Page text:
There’s a line at the beginning of the movie where she asks, “Will they kill me?” to the one of the Sandringham chefs. Were you worried about playing into conspiracy theories?

As I wrote that line I thought, ‘Here we go’, but I kept it. I have absolutely no time for the conspiracy theories that she was murdered, but I do think she died as a consequence of the circumstances she chose to put herself in. Obviously if she hadn’t chosen to marry Charles she wouldn’t have died in the way she did. It isn’t the idea people will conspire to kill her, it’s that the decisions she’s made are leading her toward it.

Does the fact that the story of Diana is in our recent memory makes it harder or easier to tell?

I think it makes it easier in that you don’t have to do so much exposition because most people know. She looks at a woman outside the church and we just know who that is, we don’t even have to use the name.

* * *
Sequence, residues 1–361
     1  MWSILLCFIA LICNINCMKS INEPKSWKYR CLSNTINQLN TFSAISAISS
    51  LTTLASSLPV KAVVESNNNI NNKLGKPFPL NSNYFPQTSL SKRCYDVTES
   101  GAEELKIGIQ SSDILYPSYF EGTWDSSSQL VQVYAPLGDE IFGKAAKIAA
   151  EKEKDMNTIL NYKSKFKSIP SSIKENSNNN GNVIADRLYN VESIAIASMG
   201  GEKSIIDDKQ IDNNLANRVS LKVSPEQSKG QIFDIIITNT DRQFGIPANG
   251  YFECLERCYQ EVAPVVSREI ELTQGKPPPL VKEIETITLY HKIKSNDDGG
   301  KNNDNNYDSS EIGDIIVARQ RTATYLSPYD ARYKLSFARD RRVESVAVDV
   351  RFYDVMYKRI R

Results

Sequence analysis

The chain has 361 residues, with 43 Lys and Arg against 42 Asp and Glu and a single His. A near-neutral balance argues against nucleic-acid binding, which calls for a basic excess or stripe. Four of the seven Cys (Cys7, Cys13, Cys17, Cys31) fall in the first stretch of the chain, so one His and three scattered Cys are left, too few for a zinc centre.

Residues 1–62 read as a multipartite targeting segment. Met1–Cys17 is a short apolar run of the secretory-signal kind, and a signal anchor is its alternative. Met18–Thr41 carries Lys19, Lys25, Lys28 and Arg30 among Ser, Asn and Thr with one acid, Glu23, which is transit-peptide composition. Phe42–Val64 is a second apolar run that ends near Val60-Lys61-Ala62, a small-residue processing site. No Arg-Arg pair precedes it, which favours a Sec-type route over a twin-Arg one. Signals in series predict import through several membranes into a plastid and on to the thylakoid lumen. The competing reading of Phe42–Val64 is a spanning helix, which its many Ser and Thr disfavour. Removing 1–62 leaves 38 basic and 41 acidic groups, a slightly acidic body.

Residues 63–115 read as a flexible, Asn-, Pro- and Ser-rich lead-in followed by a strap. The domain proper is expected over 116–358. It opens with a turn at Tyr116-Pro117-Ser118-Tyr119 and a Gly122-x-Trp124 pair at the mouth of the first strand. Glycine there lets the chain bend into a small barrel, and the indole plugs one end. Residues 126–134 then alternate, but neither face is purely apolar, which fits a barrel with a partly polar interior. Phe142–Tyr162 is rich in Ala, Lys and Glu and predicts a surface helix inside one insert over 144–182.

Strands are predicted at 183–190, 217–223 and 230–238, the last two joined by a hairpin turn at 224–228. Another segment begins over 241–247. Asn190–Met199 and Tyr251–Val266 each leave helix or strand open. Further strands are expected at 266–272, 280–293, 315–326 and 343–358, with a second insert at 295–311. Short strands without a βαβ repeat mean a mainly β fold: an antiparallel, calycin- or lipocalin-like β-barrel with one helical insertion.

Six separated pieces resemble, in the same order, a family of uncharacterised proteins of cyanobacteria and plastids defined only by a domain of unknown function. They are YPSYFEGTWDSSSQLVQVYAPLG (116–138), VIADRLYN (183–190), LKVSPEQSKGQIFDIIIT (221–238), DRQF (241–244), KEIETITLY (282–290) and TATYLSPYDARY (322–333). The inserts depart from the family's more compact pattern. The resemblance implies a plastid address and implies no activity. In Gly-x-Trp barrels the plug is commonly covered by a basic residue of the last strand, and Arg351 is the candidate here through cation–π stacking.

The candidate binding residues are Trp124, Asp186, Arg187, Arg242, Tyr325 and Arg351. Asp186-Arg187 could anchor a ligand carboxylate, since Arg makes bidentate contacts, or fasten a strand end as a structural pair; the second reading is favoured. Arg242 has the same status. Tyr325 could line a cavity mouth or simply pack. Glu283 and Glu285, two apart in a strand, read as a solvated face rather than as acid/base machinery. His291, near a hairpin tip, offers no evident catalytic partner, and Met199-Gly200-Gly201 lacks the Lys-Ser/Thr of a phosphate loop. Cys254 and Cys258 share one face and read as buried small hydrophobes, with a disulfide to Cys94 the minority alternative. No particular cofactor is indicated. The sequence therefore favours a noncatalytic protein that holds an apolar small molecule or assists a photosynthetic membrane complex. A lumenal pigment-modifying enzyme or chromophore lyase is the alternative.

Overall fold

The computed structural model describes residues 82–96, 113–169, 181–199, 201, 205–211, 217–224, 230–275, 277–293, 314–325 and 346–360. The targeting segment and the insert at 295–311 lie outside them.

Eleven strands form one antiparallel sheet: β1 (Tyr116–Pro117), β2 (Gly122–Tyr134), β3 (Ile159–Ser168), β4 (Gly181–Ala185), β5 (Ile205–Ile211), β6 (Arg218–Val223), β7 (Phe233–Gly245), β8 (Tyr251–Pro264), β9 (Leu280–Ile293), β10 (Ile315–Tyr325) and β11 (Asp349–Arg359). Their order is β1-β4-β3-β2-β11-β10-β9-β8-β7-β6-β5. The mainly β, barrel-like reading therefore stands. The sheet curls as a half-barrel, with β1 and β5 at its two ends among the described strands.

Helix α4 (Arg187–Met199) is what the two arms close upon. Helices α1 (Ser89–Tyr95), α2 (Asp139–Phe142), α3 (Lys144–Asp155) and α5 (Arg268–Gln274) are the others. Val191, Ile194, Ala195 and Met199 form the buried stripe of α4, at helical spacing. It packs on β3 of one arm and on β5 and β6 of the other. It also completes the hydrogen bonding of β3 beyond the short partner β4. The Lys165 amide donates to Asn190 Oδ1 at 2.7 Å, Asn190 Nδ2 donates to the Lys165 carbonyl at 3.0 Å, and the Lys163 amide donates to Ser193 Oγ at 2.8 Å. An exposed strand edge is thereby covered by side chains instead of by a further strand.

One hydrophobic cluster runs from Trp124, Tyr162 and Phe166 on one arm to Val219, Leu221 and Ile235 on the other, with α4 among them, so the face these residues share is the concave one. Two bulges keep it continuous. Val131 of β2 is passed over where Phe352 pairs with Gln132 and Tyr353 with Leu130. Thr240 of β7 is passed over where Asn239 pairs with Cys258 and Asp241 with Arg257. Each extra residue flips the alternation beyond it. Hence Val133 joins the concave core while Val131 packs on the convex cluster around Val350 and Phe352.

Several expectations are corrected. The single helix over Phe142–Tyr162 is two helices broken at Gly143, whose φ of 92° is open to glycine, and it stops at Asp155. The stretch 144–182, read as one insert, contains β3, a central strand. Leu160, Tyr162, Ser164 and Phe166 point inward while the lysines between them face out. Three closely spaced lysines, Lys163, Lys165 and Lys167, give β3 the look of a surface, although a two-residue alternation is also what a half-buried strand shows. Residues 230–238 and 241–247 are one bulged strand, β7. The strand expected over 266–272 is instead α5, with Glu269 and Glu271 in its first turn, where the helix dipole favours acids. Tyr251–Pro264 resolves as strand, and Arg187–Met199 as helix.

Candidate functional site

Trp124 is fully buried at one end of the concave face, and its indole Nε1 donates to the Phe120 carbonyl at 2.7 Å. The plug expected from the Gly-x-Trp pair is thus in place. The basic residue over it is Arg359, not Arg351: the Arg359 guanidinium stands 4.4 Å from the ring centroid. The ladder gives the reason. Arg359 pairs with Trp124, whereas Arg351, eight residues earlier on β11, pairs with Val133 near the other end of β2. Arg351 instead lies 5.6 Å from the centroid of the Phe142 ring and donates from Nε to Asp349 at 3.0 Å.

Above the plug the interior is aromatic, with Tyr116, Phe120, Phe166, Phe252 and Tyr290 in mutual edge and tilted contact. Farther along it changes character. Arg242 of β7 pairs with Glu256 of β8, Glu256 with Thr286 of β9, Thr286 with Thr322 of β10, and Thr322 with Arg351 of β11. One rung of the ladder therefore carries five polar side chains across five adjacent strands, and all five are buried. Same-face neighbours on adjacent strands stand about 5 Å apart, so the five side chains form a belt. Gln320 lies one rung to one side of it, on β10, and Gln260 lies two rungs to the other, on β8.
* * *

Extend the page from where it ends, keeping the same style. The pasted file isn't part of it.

Photo credit: Claire Mathon
Photo credit: Claire Mathon

Can you talk about the Anne Boleyn figure in the story, where did that come from?

I’d read that the Spencers are related to the Boleyns and thought there was a parallel in someone who enters the royal household believing they can control the situation. Diana was young when she went in so she probably thought she could handle it. I like the idea that Diana feels like she’s haunting the house already, like she’s a ghost passing through.

The fascination with the royal family feels especially pronounced at the moment, why do you think that is?

You think the royal family is falling apart but it’s the opposite, it’s never been so popular. I suppose you could say every family has issues like this but this one is painted in the sky. It’s enormous power without real power. I’m not against the royal family. It’s terribly flawed but it works. The Queen's Speech, what a great tradition. It’s very English, which is what fascinates me.